- Use graphics to give the reader’s eye a rest or to focus attention.
- Remember that white space is a valid design idea, but that with pages as small as a monitor, you must carefully balance space and content.
- Avoid amateur graphics and don’t resize images to be larger than the original.
- Animation focuses attention; use it extremely sparingly.
Have you ever waited for a long time for a web page to load? I’m the sort of person who either gives up after a few seconds and clicks Stop or lets it load in the background while I do other things—usually forgetting that I wanted the page at all.
What makes pages load slowly? Some of the issues are out of your control, like bandwidth and network congestions, but there are some things you can do to make sure your pages are zippy.
- Optimize your graphics. You can do it by hand, calculating the math yourself then saving the file as the right type and compression, or you can get a program like Adobe Image Ready or Macromedia Fireworks. These make optimizing very easy—you can compare the image quality and file size of several versions of your image at once, then save the best one.
- Use height and width attributes with your img tags. This allows the text of the page to load while “holding a place” for the image while it downloads.
- Don’t use too many graphics. That’s not to say don’t use any, but it’s a good idea to use them wisely. 50 1K files take longer to load than 1 50K file because the server must be contacted 50 times instead of once.
- Remove extraneous HTML. Some web editors are notorious for writing bad code. Instead of <p> they use two <br> or they add font tags to every single paragraph or they bloat the header with meta tags. All these little things can add up to a second or two of download time.
- Don’t try to put everything on one page. If you’ve got a book to publish, break it into chapters. Loading one chapter will take much less time than loading the whole book.
User Interface Planning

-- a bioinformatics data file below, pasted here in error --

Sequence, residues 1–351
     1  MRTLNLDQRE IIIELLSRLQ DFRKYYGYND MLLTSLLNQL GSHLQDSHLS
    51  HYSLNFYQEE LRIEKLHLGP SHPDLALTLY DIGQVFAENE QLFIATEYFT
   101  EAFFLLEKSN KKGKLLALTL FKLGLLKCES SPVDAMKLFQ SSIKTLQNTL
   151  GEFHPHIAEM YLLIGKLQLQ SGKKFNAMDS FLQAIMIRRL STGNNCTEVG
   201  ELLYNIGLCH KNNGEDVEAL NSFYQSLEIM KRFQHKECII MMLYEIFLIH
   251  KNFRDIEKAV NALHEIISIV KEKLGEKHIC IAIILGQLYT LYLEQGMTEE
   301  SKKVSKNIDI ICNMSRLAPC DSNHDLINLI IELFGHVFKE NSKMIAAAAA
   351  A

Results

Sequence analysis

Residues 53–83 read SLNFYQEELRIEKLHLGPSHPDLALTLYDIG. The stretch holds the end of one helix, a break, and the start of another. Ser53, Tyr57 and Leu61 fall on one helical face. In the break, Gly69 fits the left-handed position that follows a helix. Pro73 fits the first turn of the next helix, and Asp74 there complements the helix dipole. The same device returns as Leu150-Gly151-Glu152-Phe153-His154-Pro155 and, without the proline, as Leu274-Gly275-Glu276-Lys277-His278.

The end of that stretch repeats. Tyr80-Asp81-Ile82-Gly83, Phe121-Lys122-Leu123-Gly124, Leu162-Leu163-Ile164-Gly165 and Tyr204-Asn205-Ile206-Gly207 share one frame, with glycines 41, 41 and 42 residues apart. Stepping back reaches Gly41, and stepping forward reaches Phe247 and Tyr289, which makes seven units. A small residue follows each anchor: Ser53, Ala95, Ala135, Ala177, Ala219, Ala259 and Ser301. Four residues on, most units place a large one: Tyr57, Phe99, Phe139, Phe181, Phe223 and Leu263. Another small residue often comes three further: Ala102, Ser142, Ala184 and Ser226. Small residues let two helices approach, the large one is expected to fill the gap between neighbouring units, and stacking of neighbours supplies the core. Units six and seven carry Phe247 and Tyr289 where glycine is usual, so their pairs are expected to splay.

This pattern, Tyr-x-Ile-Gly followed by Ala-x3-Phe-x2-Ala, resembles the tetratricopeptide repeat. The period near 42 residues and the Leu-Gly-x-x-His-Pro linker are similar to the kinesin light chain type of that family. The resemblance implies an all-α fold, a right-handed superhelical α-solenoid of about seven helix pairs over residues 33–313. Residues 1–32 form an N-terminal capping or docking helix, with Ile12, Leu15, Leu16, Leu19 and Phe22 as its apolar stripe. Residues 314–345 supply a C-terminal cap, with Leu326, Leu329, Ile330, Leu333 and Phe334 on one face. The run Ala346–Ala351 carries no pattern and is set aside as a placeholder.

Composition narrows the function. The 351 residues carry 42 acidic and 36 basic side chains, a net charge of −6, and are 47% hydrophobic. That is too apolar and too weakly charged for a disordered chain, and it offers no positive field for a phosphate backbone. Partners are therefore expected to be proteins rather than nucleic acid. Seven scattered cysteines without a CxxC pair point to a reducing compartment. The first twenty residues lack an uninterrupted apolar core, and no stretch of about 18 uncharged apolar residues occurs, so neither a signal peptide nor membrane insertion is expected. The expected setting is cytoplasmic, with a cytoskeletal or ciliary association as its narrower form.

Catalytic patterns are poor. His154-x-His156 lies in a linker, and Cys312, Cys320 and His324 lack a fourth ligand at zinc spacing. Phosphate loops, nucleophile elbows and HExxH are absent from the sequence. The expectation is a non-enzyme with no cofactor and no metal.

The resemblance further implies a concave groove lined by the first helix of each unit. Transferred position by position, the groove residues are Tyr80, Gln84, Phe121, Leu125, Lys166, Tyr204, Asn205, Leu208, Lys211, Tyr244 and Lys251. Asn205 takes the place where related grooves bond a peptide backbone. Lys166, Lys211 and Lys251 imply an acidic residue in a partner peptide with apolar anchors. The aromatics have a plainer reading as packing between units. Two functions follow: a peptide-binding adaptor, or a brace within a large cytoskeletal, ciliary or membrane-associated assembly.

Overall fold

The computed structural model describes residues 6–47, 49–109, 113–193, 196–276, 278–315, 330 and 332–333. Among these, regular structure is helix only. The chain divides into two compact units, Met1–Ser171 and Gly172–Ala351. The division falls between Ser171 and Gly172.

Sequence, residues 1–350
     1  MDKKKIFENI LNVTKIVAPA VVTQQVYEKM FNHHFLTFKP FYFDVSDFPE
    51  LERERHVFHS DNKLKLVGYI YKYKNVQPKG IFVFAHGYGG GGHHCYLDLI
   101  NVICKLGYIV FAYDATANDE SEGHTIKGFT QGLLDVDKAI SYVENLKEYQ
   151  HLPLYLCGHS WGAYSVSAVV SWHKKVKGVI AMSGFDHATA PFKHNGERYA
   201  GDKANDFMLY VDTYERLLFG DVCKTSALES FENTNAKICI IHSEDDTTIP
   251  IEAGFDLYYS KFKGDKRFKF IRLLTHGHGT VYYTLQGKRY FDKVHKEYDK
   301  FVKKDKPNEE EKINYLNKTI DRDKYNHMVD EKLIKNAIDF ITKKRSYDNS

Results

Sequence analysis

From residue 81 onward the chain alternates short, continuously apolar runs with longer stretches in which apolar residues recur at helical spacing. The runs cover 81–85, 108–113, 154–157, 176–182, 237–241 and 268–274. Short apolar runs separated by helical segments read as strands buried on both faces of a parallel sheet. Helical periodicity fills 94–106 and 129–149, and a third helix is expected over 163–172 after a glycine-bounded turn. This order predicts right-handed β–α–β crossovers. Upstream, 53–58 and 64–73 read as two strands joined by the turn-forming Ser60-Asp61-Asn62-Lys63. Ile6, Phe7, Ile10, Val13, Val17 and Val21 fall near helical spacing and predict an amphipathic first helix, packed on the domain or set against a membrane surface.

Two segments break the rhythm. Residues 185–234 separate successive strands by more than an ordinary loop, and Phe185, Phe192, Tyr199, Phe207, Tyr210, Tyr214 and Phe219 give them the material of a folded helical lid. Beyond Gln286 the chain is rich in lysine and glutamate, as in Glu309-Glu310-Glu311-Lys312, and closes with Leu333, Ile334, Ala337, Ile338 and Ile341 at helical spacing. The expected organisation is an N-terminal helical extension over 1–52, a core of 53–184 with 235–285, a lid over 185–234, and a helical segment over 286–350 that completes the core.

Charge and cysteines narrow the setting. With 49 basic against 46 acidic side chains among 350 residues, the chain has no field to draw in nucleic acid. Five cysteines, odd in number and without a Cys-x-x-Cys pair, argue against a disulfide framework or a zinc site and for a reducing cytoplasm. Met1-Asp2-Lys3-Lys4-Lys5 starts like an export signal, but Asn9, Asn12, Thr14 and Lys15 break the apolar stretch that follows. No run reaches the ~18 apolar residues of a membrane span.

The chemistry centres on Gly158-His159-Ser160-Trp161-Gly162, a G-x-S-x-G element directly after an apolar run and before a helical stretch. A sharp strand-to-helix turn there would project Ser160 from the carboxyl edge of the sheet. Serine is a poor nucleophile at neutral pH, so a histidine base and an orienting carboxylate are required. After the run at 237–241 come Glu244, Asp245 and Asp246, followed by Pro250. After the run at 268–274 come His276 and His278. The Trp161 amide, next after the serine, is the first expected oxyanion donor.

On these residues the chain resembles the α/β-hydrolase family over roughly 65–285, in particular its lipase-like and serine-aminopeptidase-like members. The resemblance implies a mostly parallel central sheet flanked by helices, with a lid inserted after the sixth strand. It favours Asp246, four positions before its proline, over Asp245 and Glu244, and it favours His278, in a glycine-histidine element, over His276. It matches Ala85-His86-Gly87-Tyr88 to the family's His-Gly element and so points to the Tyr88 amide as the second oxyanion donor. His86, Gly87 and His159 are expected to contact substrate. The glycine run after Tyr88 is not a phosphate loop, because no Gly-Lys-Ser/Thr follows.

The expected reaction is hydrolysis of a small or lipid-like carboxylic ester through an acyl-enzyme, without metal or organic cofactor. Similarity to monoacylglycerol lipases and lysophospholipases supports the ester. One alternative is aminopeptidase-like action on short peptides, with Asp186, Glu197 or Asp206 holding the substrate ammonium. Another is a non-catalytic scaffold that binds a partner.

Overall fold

It’s important to plan what you’re going to do before you begin development. Good planning allows you to be consistent when you add more content and information in later stages. And if you’re working with a team to do your site, planning ensures that everyone is following the same ideas.
Planning Stage 1: Content
Content is how you deliver the message of your website, so it’s key to have a clear focus. What are you trying to say to your audience? Can you sum up the “mission” of your website in two sentences?
“digitalevejapan.org publishes information about DigitalEve Japan’s events, projects and membership. The website is bilingual and includes interactive registration for events.”
“Kristen’s Japan keeps friends, family and the curious reader entertained with daily snippets from my life. In addition, longer, illustrated essays give an in-depth picture of aspects of living in Japan.”
“MediaTinker.com showcases the products and services of our company. Pricing and contact information are available as well as tutorials by our staff and links to business partners.”
Planning Stage 2: Structure
Organizing the structure of your website is a two-fold process. You must consider your audience’s needs first. What do you think will be most important to them?
Keep in mind that what a user needs is probably not the same as the structure of your organization. If we arranged the DigitalEve Japan website based on the steering committee, our members would have a difficult time finding out about our workshops. Here’s what might be, compared to what currently is:
DE-J Steering Committee Organization
Web Content page
Audience-based Web Organization
News & Home
If you are planning a corporate or organizational website, you may want to conduct focus groups or interview some of your users to find out what they think is important or useful. You might be surprised at what they suggest.
Once you have an idea in your head, you should put it on paper. Not only does this help you fill any gaps you may have forgotten, but it gives everyone involved in the construction of the site a guide to follow.
There are many ways to sketch out this plan. You can use a simple list, as above. A flowchart can be helpful if you need to lead the audience through steps, such as registering or purchasing something online. Another technique that is helpful at the beginning stages, especially when you have a lot of information to organize, is mind mapping.
Planning Stage 3: Navigation
Navigation is the final key point in your user interface. This is how your audience will move around in your site and it includes all the clues they will have too show them where they are (and where they can go).